Mike Herwood


A Little History About Appraising

Virtually all of the appraisers in my age group learned their trade working for banks and doing loan work. With every downturn of the real estate markets, the appraisers were blamed, partly because they are at the bottom of the food chain. New rules and regulations were promulgated, which mostly made our jobs more difficult. Probably 90% of United States appraisers do mortgage loan work. Fanny May and Freddie Mac tightened their requirements and the Dodd Frank legislation made it even worse.

My Experience with the Appraisal Process

I have been through many of these watershed events. In a property sale, it is a crisis for the buyer, the seller, the brokers on either side of the transaction, and the mortgage broker. That’s five crises to deal with emotionally. The Dodd Frank Act brought about Appraisal Management Companies, to keep a separation between the lender and the appraiser – and to collect half the fee. So the appraiser needed to do more jobs to keep his or her income level. More crises. The quality of the work has deteriorated, because of the time pressures.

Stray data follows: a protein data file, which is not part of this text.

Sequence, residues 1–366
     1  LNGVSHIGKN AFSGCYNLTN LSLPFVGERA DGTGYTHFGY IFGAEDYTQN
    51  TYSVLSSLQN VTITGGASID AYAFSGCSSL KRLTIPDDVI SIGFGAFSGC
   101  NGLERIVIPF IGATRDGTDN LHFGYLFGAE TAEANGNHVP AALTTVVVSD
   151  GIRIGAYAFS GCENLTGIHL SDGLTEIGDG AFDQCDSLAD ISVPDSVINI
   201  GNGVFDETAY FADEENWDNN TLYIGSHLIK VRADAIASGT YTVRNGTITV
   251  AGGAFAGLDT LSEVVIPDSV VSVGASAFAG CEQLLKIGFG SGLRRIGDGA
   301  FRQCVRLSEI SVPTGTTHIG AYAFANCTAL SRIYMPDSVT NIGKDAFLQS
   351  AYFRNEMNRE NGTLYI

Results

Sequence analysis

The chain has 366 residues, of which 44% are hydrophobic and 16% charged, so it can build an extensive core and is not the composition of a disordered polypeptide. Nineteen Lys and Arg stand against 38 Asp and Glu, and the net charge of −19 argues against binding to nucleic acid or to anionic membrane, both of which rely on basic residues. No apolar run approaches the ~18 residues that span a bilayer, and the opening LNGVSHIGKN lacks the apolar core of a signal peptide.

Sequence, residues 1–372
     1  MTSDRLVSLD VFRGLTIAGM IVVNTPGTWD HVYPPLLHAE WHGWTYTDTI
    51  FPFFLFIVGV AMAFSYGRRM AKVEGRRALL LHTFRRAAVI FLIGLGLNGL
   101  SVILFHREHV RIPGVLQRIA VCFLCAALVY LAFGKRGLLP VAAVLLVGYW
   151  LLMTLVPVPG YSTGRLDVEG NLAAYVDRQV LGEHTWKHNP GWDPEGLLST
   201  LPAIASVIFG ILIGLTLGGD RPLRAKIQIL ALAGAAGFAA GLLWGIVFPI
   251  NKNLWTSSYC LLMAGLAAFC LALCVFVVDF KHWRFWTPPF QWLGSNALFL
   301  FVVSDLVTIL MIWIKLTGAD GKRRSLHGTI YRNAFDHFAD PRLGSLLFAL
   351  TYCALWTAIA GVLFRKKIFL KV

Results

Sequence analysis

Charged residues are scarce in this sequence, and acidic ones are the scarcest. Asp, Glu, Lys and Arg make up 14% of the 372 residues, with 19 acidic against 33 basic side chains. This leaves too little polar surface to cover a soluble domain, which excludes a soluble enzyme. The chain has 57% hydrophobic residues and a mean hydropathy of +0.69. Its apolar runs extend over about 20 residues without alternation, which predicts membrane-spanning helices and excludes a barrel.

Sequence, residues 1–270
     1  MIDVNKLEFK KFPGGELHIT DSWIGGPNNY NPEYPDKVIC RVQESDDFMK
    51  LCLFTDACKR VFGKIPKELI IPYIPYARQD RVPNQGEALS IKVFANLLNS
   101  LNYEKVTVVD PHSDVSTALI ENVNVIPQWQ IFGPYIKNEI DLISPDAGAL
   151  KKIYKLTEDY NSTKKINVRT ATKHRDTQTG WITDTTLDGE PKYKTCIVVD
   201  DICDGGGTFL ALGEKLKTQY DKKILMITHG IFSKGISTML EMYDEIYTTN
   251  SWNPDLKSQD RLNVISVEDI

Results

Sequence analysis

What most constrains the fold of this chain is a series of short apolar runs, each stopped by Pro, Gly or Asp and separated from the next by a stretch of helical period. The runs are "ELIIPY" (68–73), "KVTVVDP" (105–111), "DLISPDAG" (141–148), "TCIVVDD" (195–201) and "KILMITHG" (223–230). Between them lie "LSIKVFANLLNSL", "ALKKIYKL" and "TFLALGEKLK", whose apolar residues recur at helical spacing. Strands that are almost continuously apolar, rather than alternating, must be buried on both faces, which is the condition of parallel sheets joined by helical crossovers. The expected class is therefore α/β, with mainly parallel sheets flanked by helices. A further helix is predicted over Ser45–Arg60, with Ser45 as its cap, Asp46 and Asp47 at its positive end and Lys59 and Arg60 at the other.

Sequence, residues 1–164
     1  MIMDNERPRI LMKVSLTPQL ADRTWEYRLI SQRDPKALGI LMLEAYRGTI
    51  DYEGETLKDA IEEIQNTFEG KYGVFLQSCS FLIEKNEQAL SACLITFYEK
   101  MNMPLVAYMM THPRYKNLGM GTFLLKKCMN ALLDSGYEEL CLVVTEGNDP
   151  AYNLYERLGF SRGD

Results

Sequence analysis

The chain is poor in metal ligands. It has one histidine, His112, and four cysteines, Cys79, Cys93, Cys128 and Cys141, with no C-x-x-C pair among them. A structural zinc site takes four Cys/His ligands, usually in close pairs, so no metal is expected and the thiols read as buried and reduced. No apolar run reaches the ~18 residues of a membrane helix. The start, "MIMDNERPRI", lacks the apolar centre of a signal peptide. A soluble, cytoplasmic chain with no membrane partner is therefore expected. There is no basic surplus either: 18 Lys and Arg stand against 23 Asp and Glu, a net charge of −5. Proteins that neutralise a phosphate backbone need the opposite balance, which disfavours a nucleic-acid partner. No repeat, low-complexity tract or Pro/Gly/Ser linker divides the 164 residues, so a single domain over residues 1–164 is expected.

My Approach to Appraising Today

When I was appointed as a California Probate Referee in September of 1966, I began to realize that the bureaucrats no longer made the rules for my appraisals. There are still standards and rules about ethics, but a much shorter report will be sufficient. Generally the clients would know more about the property and its neighborhood than I can ever tell them in my report. I no longer do bank appraisals, or that style of appraisal (well maybe occasional for legal work), so I can keep my fees lower. Trust appraisals are more fun as well.